Hepatocellular carcinoma (hepatoma) develop usually in patients with liver cirrhosis and are common in areas where a high prevalence of chronic hepatitis B there and / or c. The symptoms and complaints are not specific in general. The diagnosis is derived from the alpha-fetoprotein (AFP) levels, imaging and sometimes a liver biopsy. Screening with 6-monthly AFP and ultraschallsonographischen controls is recommended for all high-risk patients. The prognosis is poor if the cancer is advanced, but small tumors that are confined to the liver, there are effective palliative (ablative Verfaheren, Chemoemboliasation, sorafenib) and potentially curative (surgical resection, liver transplantation) treatment options. Hepatocellular carcinoma is the most common form of primary liver cancer, with an estimated 23,000 new cases and over 14,000 deaths in 2012 in the US. However, it is more common outside the United States, especially in East Asia and in sub-Saharan Africa; The incidence is essentially proportional to the geographical prevalence of chronic hepatitis B virus (HBV) infection (1). Etiology Hepatocellular carcinoma is usually a complication of liver cirrhosis. The presence of HBV increases the risk of hepatocellular carcinoma by> 100 fold. HBV infection can induce malignant transformation in the absence of chronic hepatitis or cirrhosis. Each cirrhosis can cause hepatocellular carcinoma. cirrhosis of the liver as a result of chronic hepatitis C virus (HCV) infection, hemochromatosis, which shall not be:-alcoholic steatohepatitis (NASH) and the alcoholic cirrhosis are quantitatively particularly important in addition to the hepatitis B. Patients with cirrhosis as a result of other diseases also have an increased risk. Environmental carcinogens may play a role, such. As is the intake of alpha-toxin-contaminated food is viewed as an additional risk factor for the high incidence of hepatocellular carcinoma in the subtropics. Symptoms and complaints most frequently appear previously stable patients with cirrhosis, with abdominal pain, weight loss, mass in the right upper quadrant and unexplained deterioration in general health status. Fever may occur. In some patients the first manifestation of hepatocellular carcinoma bloody ascites, shock or peritonitis caused by blood flow to the tumor. Rarely is also a bruit over the liver. Sometimes systemic metabolic complications such as hypoglycemia, erythrocytosis, hypercalcemia and hyperlipidemia occur. These complications may become clinically apparent. Diagnostic alpha-fetoprotein (AFP) measurement Imaging (contrast-enhanced computer tomography, ultrasound, or MRI), the clinical suspicion of a hepatocellular carcinoma exists when an enlarged liver is an unresolved decompensation of a chronic liver disease is palpable developed an imaging study, conducted for other reasons is, especially when the patient has cirrhosis of the liver, a mass in the right upper quadrant of the abdomen shows through screening programs, however, numerous hepatocellular carcinomas are discovered before the onset of symptoms. Basis of diagnosis are based contrast agent imaging techniques and optionally the biopsy. AFP is mainly used to follow the course. In adults AFP signaled a dedifferentiation of hepatocytes, which suggests most of hepatocellular carcinoma; 40 to 65% of patients with cancer have high AFP levels (> 400 ug / l). High values ??are otherwise rare; Exception is the teratocarcinoma of the testis, a much rarer tumor. Lower AFP levels are less specific and can occur in hepatocellular regeneration (for. Example, hepatitis). Other blood tests, such as AFP-L3 (an AFP isoform) and gamma Carboxyprothrombin are investigated as a marker for early detection of hepatocellular carcinoma. Depending on the initially applied imaging techniques can be a contrast-enhanced computed tomography, ultrasound or MRI of the local preferences and options. A Leberarteriographie can sometimes continue for unclear cases and also serve to analyze the vascular anomaly ablation or a planned surgical procedure. When imaging techniques provide characteristic findings and liver cirrhosis is present, the diagnosis is considered unique. In unclear cases, the definitive confirmation of the diagnosis an ultrasound or CT-guided liver biopsy is required. Staging If hepatocellular carcinoma is diagnosed, the spread diagnosis usually includes a chest computed tomography without contrast agent and a presentation of the portal vein (if not already done) to exclude by MRI, ultrasound or computed tomography with contrast thrombosis. For the staging of liver carcinoma various systems can be used, none is used universally. One is the TNM system, based on the following (see Table: staging hepatocellular carcinoma *): T: number of primary tumors, size and spread of the cancer to adjacent organs N: propagation and infection of nearby lymph nodes M: metastases in other organs Numerals (0 to 4) as T, N and M indicate the increasing severity. Staging hepatocellular carcinoma * Stadium Name Description 1 T1, N0, M0 single tumor (any size) without invasion of blood vessels II T2, N0, M0 single tumor (any size) with invasion of blood vessels or multiple tumors, all of <5 cm IIIA T3a, N0, M0 Several tumors with at least one> 5 cm IIIB T3b, N0, M0 One or more tumors of any size with invasion of a main branch of the portal vein or hepatic vein IIIC T4, N0, M0 tumor or tumors of any size with invasion of adjacent organs except the gallbladder or with perforation of the visceral peritoneum IVA Each T, N1 , M0 tumors or tumors of any size with spread to nearby (regional) lymph nodes IVB Jed it T, any N, M1 tumor or tumors of all sizes with distant metastases * Adapted from the American Joint Committee on Cancer (AJCC) AJCC Cancer Staging Manual, ed. “7. New York, Springer, 2010. Other scoring systems are the Okuda and the Barcelona Clinic Liver Cancer staging systems. Besides the size of the tumor, local extension and metastases, these systems integrate information on the severity of liver disease. With the TNM system better prognosis for patients can probably be made in which a tumor resection (and possibly a transplant) was than with other systems, while the Barcelona system for patients who do not have surgery makes better predictions possible (More For information, see staging system in hepatocellular carcinoma) .Screening A growing number of hepatocellular carcinomas are detected by screening programs. The screening in patients with cirrhosis is meaningful. A common screening method is an ultrasound every 6 months. Some experts advise B infection and for screening in patients with long-standing hepatitis, even if no cirrhosis is recognizable. Therapy transplant in a few small tumors and the treatment of hepatocellular carcinoma depends on its level from (1). For individual tumors <5 cm or ? 3 tumors which are all ? 3 cm and which are limited to the liver (Milan CRITERIA), has a liver transplant an equally good prognosis, such as liver transplantation, which is not performed due to a cancer diagnosis. Alternatively, a surgical resection may be performed; However, recurrences are common. Ablative treatments (. For example, trans-arterial chemoembolization [TACE] Embolization with yttrium 90 microspheres [selective internal radiation therapy or SIRT], radiofrequency ablation) are effective palliative approaches that slow tumor growth; they are also used as "bridging" in patients who are waiting for a liver transplant. If the tumor is large (> 5 cm), multifocal, is entered into the portal vein or has metastasized (ie stage III or higher), the prognosis is less favorable (eg., 5-year survival rates of about 5% or fewer). Radiation therapy is usually ineffective. Sorafenib appears to improve somewhat in advanced disease survival. Treatment Note Bruix J, M Reig, Sherman M. Evidence-based diagnosis, staging, and treatment of patients with hepatocellular carcinoma. Gastroenterology 50 (4): 835-853, 2016. doi: 10.1053 / j.gastro.2015.12.041. Prevention Prophylactic vaccination against HBV results in measurable reduction in the incidence of hepatocellular carcinoma, v. a. in endemic areas. The prevention of the development of liver cirrhosis any cause (for. Example, on the treatment of chronic hepatitis C, the early diagnosis of hemochromatosis, or the treatment of alcohol addiction) also has a significant effect. Important points Hepatocellular carcinomas are usually a complication of cirrhosis of the liver and mostly occur in areas of the world where a high prevalence of hepatitis B prevails. The diagnosis should be considered when an enlarged liver is found on physical examination or imaging or when a chronic liver disease unexpectedly deteriorated. The diagnosis of hepatocellular carcinoma based on the AFP-mirrors and the findings in the imaging procedure; the spread diagnosis is performed by a thoracic computed tomography without contrast, a representation of the portal vein and possibly scintigraphy. A transplant should be gezogenw with few and small tumors into consideration. For prevention include the hepatitis B vaccination and treatment of diseases that cause liver cirrhosis.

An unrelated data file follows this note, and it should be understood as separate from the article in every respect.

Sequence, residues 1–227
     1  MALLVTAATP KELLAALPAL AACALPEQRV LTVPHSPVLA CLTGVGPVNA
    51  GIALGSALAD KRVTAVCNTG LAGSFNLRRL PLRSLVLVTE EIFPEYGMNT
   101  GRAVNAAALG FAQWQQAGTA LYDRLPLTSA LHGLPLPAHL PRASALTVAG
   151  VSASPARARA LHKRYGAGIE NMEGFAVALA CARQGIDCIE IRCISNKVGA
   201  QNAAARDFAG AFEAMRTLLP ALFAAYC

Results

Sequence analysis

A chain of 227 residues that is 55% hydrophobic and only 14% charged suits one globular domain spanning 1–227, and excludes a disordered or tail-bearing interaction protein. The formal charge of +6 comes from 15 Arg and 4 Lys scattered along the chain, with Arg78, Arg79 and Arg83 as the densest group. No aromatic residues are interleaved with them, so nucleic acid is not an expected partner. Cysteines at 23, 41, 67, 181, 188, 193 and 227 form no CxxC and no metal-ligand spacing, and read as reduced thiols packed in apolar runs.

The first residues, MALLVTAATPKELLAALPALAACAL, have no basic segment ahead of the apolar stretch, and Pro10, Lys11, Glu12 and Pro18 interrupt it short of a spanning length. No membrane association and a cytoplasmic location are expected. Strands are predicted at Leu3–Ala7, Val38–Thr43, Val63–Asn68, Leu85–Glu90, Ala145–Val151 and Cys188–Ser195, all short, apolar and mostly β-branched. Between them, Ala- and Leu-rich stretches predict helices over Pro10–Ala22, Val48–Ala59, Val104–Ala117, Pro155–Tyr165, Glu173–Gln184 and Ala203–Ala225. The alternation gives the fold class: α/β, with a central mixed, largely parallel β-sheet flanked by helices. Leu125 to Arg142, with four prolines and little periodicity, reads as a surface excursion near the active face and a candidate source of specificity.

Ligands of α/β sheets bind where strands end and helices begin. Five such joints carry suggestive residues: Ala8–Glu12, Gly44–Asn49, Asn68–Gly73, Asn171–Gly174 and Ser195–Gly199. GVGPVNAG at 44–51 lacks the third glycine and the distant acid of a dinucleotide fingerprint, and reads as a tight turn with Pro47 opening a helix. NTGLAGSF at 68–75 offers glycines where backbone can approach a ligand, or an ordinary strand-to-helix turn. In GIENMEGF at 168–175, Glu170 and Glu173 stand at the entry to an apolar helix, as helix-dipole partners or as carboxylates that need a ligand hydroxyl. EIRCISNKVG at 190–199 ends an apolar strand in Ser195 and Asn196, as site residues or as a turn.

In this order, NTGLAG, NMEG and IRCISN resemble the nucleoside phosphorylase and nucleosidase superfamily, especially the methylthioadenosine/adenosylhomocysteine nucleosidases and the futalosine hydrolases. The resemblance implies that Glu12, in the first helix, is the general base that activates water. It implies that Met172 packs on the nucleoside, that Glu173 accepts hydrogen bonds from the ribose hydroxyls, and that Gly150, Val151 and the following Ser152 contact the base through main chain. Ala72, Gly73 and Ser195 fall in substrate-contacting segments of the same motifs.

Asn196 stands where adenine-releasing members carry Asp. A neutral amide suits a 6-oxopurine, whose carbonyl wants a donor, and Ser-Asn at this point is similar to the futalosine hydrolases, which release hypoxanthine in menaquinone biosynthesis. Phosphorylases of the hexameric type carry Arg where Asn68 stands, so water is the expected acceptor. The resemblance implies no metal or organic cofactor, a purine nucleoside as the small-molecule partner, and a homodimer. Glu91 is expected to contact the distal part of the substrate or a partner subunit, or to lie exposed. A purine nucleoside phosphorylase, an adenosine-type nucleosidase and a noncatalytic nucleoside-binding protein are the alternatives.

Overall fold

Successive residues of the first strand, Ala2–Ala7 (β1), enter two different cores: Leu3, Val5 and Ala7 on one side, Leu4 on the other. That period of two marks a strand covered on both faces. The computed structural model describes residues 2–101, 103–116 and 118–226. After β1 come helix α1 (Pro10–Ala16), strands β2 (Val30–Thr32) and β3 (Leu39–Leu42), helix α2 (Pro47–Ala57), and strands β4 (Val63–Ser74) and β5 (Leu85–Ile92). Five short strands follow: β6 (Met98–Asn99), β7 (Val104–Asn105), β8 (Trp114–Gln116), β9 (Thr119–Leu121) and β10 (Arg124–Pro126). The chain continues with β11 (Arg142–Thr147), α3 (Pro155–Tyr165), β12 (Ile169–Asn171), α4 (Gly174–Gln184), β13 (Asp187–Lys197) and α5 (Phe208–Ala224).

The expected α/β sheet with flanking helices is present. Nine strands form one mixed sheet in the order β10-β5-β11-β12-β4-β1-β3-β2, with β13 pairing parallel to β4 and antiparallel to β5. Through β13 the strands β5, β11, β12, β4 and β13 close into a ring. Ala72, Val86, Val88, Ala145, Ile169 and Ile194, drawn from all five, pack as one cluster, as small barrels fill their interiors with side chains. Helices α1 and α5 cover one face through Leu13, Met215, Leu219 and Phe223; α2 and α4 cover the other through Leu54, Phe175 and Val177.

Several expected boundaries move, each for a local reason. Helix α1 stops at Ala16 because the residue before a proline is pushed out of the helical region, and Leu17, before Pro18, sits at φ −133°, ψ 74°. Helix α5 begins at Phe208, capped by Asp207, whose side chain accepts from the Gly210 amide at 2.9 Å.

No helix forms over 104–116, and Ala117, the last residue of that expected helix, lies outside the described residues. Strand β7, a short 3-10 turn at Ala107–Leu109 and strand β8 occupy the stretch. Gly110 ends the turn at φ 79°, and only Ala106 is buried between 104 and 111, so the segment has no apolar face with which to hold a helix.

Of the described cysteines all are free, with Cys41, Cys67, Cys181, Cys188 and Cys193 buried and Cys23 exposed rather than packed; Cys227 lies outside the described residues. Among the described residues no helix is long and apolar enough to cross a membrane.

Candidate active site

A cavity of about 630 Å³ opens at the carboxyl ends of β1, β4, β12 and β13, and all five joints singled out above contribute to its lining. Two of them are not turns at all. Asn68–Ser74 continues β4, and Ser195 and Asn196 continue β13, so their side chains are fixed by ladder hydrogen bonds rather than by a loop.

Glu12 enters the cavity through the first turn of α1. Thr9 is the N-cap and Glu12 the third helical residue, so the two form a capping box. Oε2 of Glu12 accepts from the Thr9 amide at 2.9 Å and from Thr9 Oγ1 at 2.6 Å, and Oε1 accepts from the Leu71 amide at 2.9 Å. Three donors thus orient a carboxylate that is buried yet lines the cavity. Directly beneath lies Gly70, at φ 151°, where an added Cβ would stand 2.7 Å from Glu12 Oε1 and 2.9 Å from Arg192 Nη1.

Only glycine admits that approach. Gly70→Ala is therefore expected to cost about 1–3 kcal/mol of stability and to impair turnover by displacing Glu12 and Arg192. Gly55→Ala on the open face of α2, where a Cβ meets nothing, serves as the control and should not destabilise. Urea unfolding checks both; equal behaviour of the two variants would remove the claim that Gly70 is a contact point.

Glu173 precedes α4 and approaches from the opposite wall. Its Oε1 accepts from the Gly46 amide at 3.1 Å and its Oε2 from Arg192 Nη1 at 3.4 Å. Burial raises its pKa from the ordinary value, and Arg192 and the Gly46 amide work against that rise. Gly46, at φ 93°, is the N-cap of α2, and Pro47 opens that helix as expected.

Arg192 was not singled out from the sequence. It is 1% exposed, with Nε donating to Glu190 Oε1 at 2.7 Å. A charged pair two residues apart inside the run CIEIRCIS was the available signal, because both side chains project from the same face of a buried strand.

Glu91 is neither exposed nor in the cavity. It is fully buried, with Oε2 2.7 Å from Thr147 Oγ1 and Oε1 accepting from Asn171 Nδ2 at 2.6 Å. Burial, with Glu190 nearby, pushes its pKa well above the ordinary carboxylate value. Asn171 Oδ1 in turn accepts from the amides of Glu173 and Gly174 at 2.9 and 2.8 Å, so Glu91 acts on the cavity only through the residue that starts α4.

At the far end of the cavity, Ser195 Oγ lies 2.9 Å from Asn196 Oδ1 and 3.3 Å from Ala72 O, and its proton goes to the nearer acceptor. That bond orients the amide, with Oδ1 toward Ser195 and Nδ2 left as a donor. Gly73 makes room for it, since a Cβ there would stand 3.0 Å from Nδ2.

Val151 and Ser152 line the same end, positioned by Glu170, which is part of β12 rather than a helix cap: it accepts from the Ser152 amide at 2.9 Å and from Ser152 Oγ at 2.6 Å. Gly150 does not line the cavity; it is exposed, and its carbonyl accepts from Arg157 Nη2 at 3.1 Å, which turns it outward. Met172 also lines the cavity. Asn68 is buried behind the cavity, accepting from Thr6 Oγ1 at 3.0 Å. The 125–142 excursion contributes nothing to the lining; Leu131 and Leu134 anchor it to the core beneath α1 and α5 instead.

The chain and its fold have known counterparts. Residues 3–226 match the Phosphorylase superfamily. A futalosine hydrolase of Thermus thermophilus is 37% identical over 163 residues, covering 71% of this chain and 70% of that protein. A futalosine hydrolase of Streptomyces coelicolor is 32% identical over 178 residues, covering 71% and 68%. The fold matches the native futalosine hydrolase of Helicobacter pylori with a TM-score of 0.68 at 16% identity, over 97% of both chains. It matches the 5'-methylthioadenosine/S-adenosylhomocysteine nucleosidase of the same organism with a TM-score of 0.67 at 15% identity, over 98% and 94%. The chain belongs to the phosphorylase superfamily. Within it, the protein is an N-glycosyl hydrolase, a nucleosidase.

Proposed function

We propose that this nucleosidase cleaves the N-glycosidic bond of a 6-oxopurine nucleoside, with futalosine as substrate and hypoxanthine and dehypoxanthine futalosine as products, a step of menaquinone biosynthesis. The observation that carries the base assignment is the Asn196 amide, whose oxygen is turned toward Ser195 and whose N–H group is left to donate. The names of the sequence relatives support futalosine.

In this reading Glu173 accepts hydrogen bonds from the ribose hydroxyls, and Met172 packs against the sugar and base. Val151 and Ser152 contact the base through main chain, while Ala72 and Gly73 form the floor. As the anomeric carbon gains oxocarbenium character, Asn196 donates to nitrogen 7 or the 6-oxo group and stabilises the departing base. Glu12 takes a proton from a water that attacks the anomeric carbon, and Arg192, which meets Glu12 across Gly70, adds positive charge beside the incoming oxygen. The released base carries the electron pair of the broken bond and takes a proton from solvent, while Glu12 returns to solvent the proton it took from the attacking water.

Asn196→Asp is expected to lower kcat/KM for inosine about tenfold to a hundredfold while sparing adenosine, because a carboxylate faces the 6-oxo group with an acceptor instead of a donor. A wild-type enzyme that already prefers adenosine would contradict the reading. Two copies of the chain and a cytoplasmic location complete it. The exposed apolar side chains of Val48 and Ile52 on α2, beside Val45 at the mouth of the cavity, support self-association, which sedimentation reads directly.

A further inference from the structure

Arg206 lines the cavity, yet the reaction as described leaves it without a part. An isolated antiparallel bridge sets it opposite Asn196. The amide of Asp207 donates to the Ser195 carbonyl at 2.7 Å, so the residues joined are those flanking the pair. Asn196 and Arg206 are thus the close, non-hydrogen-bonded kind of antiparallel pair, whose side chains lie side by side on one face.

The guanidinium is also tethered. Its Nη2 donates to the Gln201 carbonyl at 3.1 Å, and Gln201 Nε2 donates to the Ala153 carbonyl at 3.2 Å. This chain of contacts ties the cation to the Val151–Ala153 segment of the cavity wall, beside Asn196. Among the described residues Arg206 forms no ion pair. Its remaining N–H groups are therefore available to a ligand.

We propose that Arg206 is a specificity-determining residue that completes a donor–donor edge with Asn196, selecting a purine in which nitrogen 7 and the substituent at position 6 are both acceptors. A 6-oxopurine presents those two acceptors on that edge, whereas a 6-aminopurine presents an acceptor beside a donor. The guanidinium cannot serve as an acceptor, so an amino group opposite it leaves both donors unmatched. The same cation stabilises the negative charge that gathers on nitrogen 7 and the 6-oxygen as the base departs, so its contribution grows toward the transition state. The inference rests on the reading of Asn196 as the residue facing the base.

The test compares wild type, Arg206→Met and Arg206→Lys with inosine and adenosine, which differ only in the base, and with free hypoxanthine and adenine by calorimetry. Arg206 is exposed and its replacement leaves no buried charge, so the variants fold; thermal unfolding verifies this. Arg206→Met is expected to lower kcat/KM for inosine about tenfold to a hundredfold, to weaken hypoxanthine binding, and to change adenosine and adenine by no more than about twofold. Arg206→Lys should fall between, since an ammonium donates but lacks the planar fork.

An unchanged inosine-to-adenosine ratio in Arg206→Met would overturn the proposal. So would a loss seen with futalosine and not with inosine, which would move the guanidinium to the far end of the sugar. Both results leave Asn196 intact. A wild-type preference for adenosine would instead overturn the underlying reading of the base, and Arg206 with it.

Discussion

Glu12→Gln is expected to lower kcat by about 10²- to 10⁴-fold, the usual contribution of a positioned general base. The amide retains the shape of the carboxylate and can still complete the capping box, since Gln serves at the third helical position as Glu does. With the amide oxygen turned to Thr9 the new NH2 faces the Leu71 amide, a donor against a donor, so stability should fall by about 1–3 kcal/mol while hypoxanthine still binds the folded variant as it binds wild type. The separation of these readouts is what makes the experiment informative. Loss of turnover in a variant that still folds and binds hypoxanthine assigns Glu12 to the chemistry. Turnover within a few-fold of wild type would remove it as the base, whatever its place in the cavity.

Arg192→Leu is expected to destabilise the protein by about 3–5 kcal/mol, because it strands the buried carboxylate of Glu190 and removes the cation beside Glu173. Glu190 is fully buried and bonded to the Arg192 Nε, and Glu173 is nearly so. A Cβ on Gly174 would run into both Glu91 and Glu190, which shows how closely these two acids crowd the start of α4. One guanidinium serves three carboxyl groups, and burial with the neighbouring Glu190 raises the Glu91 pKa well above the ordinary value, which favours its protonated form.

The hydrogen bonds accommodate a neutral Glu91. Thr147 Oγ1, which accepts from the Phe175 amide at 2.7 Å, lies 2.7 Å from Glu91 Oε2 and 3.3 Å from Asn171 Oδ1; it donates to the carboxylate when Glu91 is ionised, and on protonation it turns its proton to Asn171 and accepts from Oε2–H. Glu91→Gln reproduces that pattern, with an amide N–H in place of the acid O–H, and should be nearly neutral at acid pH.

Health Life Media Team